The T-30 throat microphone was developed along with the ANB-M-C1 (Army Navy British – Microphone – Carbon) oxygen mask mic. Shure engineer Ben Bauer collaborated with Beranek on enhancements to these technologies. 

Shure manufactured hundreds of thousands of microphones to the military’s exacting specifications. According to a February 1945 Shure Shots intra-company newsletter, the closing phase of the war continued to demand production of military products as well as the company’s Unidyne mics: “Today our so-called peacetime or commercial line microphones are important in the war we are waging. There is a still a need for battleships, intercommunications systems on ships, hospitals, rehabilitation centers, USO camps, training schools – they require Unidynes, Uniplexes, phonograph pickups, hearing aids, and other Shure products.”

T-30-V Throat Microphone

The acoustic noise in a World War II fighter plane cockpit was so excessive that existing commercial microphones were nearly useless. The pilot’s words were not intelligible, buried in ambient noise estimated at 115 dBA sound pressure levels and above.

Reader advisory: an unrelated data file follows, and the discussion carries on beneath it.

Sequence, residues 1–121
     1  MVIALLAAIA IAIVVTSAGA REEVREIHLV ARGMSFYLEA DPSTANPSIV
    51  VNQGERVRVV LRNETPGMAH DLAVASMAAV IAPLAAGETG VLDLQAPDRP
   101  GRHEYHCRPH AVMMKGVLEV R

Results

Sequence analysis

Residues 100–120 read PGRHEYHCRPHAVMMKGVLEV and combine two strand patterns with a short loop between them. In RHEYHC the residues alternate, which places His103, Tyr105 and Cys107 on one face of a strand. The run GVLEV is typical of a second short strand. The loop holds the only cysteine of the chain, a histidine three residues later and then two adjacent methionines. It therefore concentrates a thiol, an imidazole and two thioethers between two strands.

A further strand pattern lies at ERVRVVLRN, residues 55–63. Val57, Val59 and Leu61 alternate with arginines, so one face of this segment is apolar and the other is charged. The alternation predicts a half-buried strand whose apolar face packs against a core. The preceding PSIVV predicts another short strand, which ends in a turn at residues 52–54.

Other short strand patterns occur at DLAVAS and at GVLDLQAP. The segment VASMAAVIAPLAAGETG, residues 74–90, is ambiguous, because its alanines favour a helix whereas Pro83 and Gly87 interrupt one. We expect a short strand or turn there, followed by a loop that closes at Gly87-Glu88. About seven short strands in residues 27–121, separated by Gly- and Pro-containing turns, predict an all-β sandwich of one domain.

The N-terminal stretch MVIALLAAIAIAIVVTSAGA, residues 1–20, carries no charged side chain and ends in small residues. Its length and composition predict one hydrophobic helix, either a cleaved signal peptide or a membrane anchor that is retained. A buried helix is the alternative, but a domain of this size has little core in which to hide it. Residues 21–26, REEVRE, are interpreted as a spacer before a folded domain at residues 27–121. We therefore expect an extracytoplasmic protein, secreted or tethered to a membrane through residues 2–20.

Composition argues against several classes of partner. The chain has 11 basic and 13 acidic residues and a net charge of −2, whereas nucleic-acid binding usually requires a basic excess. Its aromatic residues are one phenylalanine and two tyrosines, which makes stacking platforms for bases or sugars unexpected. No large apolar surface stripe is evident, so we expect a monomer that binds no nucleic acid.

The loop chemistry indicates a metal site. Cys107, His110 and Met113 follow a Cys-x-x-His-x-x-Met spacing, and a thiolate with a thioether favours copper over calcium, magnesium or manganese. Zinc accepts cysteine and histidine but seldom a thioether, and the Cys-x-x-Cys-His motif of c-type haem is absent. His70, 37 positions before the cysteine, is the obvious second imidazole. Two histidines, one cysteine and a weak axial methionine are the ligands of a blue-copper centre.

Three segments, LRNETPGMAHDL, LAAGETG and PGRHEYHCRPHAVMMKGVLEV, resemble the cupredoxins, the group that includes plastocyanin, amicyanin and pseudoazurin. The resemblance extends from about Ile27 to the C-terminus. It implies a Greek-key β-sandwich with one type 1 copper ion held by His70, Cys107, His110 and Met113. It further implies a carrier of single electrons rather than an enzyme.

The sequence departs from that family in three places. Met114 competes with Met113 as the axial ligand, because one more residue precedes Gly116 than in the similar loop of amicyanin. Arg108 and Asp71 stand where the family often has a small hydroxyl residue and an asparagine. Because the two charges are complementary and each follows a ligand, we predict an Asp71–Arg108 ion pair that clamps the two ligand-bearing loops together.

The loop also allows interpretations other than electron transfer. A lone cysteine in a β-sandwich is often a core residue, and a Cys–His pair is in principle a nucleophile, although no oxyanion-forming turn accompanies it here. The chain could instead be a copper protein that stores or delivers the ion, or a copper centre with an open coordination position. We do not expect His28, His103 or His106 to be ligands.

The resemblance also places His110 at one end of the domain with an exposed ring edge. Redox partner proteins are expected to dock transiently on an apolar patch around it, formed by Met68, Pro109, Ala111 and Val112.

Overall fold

Both sides of the conflict employed throat mics (also called laryngophones). They eventually became standard equipment for all warplanes since they responded to the physical movement of the pilot’s larynx and not to the vibration of air molecules.

The T-30 mic utilized two carbon transducer elements. The pilot strapped the T-30 around his neck and as he spoke, the vibration of the larynx moved the carbon granules inside the elements. To increase the vibration transmission strength, the pilot often pressed the T-30 tightly against his throat.

At the peak of World War II demand, Shure manufactured more than 1,000 T-30-V units every day. Vintage mic enthusiasts will find that “new old stock” examples are regularly sold on auction sites. Shure purchased a pristine example for $50 in July 2021. It worked (of course) and looked as if it had just rolled off the assembly line. 

Throat mics are still in use today, favored by law enforcement and emergency personnel wearing oxygen masks, protective gear, or working in loud, emergency situations. And here’s a surprise: beatboxers like them, too.

ANB-M-C1 Oxygen Mask Microphone

The ANB-M-C1 was designed for safe operation in the highly explosive environment inside a pilot’s oxygen mask. Though unlikely, a spark from a microphone could have disastrous results. Additionally, the mic was engineered to perform in the cold, thin air of high altitudes.

Like the T-30, it utilized a carbon mic element, chosen because it was durable, reliable, and produced a very “hot” signal level that would drive the pilot’s radio to full modulation.  It was also inexpensive to manufacture and did not require the use of scarce metals/materials that were critical to the wartime effort.